The use of animation in user interfaces has been present since the start of the ‘www’ era. In the early days, animation was used as a way to show off rather than to give users the best experience. Flying logos and (skippable) intros were at large and computers with sufficient power to create more compelling stuff were in the minority.
As time went on, computers and devices increased in power. Machines that were able to use the latest HTML/CSS standards and more frameworks (AJAX, jquery, etc.) grew in number. They gradually simplified the process of adding more complex interactions to regular web pages. The distance between what could be achieved when building a standalone app compared to a website narrowed to the point that the two became almost indistinguishable.
As the online industry matured, greater importance was put on how interfaces and interactions were created. It was not enough to show the results of a search or of other interactions. Things like reaction time, engagement, look and feel, and interactivity all became key issues that would help sites differentiate from the competition and please their users.
So, here we are today. Responsive, expressive, and emotive interactions are an expected facet of digital experiences. Animation is a cornerstone of modern UX design, but did you know that the concepts that define best practice in this area have solid roots in rules set more than 50 years ago?
The illusion of Life
No one thing is responsible for creating a unique and engaging digital experience. They are the cumulative effect of hundreds or thousands of tiny elements that work together to build trust and develop a connection with a user. We like to call these ‘microinteractions’ and the principles we use to design them are the very same as those laid out by a certain Mr Walt Disney.
Disney’s 12 Basic Principles of Animation are directed primarily towards creating convincing and relatable character animation. However, these principles can easily be applied to anything that you want to breathe a bit of life into through animation. The illusion of life is essential when trying to build a digital experience centred around empathy, as we do.
In this first part of two articles, we’ll take a look at how we’ve remixed, fused, and adapted a handful of Disney’s principles to help us design website and app interfaces that feel a little more ‘human’.
Our take applied to UX interactions
1. Squash and stretch / 4. Straight ahead action and pose to pose
The most important principle is “squash and stretch”, the purpose of which is to give a sense of weight and flexibility to drawn objects.
The combination of these two principles translates into how we treat elements such as the button above. It stretches and squashes in a believable way, with clear fluid transitions. We apply a pose to pose process to move from one attractive composition to another.
Anticipation is used to prepare the audience for an action, and to make the action appear more realistic.
We can use animation to communicate to the user what the result of an interaction will be. In the example above, buttons are highlighted as they are hovered over and the connection between the two columns is shown before the user clicks on a destination. When a pair of items are correctly selected, the button at the bottom transforms to inform the user that the next step is available.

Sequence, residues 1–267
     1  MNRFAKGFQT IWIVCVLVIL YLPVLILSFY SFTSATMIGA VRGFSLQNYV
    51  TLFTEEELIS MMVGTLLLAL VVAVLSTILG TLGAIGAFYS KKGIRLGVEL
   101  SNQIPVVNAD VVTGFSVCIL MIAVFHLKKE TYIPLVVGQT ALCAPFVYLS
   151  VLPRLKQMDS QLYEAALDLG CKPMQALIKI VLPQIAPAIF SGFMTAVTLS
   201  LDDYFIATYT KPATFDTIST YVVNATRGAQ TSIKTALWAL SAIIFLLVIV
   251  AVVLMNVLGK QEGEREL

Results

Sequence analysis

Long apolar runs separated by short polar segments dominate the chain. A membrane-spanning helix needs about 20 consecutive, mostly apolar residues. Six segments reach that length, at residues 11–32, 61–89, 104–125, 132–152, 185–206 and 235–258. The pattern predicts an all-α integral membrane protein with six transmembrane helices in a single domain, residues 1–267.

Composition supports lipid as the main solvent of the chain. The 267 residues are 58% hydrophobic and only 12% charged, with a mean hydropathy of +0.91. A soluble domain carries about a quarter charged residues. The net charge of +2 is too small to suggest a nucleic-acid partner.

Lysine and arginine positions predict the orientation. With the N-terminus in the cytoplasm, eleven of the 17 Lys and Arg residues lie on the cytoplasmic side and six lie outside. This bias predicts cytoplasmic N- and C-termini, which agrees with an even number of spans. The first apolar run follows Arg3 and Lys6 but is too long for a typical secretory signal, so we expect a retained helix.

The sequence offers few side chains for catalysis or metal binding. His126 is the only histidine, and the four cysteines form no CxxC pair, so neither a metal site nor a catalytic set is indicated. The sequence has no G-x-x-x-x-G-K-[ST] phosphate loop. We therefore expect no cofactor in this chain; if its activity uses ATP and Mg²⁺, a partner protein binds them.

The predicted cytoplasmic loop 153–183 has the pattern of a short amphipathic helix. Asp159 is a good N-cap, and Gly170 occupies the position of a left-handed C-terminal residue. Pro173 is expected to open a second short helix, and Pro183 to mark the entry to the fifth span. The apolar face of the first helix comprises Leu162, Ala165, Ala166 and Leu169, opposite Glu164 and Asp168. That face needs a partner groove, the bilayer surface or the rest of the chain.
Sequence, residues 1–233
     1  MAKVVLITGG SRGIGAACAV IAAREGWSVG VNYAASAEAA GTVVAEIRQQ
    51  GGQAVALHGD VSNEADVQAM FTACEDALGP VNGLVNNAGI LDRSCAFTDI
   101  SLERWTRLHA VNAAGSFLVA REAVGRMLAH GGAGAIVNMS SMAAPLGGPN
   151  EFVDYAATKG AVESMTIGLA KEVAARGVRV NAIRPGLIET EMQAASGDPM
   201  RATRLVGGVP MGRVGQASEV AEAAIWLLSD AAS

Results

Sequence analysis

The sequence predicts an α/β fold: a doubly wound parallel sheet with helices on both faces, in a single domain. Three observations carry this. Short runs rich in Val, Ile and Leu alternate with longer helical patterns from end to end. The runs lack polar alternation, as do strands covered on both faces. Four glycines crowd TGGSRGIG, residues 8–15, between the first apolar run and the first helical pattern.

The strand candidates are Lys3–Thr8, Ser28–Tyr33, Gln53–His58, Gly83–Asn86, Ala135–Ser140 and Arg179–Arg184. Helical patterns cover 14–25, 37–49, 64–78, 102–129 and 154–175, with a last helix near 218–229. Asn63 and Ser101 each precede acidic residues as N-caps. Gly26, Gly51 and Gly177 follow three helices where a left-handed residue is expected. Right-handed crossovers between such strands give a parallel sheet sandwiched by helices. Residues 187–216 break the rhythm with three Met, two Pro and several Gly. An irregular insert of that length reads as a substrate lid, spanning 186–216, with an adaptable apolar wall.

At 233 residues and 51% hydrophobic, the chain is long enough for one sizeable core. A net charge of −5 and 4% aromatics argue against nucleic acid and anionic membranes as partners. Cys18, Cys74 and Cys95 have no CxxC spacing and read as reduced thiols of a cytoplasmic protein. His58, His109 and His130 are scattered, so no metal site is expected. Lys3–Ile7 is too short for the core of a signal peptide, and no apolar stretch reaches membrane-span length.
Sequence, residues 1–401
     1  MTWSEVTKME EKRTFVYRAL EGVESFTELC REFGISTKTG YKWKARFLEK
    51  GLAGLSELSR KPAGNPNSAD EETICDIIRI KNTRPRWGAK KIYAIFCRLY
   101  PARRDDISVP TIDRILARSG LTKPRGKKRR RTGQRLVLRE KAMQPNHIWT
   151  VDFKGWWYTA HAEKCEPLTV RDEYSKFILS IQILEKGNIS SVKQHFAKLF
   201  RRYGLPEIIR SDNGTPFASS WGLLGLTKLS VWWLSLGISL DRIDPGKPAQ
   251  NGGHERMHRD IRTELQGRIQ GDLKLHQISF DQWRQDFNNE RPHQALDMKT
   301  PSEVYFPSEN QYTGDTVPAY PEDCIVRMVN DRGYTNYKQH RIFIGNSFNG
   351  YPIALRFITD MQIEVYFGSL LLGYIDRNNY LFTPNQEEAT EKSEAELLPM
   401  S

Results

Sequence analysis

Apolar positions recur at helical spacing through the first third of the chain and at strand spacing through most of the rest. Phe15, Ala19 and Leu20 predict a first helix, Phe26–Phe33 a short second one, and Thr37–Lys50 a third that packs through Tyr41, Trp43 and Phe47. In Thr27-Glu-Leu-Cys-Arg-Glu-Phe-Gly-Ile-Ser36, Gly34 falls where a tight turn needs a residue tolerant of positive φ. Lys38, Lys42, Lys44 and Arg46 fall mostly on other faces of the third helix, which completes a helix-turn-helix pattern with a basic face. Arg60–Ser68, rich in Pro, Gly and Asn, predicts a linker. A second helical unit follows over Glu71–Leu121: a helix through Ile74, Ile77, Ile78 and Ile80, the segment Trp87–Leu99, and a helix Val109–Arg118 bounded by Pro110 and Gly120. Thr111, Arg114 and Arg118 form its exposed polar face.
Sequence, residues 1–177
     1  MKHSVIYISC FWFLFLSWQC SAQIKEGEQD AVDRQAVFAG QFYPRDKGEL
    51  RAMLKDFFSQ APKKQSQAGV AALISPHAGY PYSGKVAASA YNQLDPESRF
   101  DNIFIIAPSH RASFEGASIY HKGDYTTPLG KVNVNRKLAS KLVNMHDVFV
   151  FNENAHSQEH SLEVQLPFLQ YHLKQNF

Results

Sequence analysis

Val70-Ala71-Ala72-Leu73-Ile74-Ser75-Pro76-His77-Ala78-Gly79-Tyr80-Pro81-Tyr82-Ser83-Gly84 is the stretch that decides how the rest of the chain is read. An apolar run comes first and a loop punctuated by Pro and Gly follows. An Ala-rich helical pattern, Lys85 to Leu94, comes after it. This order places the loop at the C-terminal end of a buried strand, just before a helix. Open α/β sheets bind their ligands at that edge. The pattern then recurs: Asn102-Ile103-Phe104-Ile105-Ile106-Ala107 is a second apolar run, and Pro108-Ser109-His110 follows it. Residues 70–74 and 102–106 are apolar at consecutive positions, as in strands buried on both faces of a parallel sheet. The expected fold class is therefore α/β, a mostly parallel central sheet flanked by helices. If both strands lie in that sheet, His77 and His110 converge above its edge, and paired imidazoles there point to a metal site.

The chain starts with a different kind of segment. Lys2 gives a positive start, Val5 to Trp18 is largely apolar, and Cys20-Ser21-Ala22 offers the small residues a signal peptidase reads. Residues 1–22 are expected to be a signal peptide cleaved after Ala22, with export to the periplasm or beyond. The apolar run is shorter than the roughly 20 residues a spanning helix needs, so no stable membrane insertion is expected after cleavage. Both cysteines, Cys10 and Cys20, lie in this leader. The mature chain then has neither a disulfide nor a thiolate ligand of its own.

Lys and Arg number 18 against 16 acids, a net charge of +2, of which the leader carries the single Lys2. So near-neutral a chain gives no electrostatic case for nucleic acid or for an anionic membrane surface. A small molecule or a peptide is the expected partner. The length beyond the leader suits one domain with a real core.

You should use motion to guide the viewer’s eye and draw attention to what’s important within the scene.
Two key aspects for an effective navigation flow are differentiation (the ability to identify a pages main blocks) and continuity (avoiding major changes in page layouts). Staging a layout change by focusing attention on the building blocks of the interface helps users feel orientated and that they understand a page’s functionality.
Progressive loading, as seen above, allows us to:
- Engage the user while loading, giving the impression that the page loads faster.
- Give the user hints for how interface elements behave. For example, the horizontal slider (more items on the right) and contents (more items through scrolling down).
- Show the hierarchy and importance of the elements in a controlled manner.
5. Follow through and overlapping action / 6. Slow in and slow out / 7. Arc
Follow through and overlapping action is a general heading for two closely related techniques which help to render movement more realistically, and help to give the impression that characters follow the laws of physics, including the principle of inertia.The movement of objects in the real world, such as the human body, animals, vehicles, etc. need time to accelerate and slow down.Most natural action tends to follow an arched trajectory, and animation should adhere to this principle by following implied “arcs” for greater realism.
We use these principles to determine how elements on a page should move when a user types a query into a search box or scrolls through results. As you can see above, objects react as they do in the physical world. The speed of their movement varies, simulating the effect of gravity or friction. It helps give the page a sense of ‘weight’.
Another example of how these principles can be applied can be seen in the ubiquitous Tinder swiping selector. The increased sense of physicality these principles create adds a layer of gamification to the selection process and enhances the connection with the user.
When we treat an interface like a character, with it’s own personality and emotions, we are more capable of providing users with a memorable and engaging experience. Taking lessons from Disney’s approach to character animation, we can breathe life into our interfaces and form stronger connections with users.
In the second part of this article I will examine the remaining principles. I’ll be looking at the value of adding secondary actions, precise timing, and the use (and abuse) of exaggeration to create appealing and living interactions to engage users.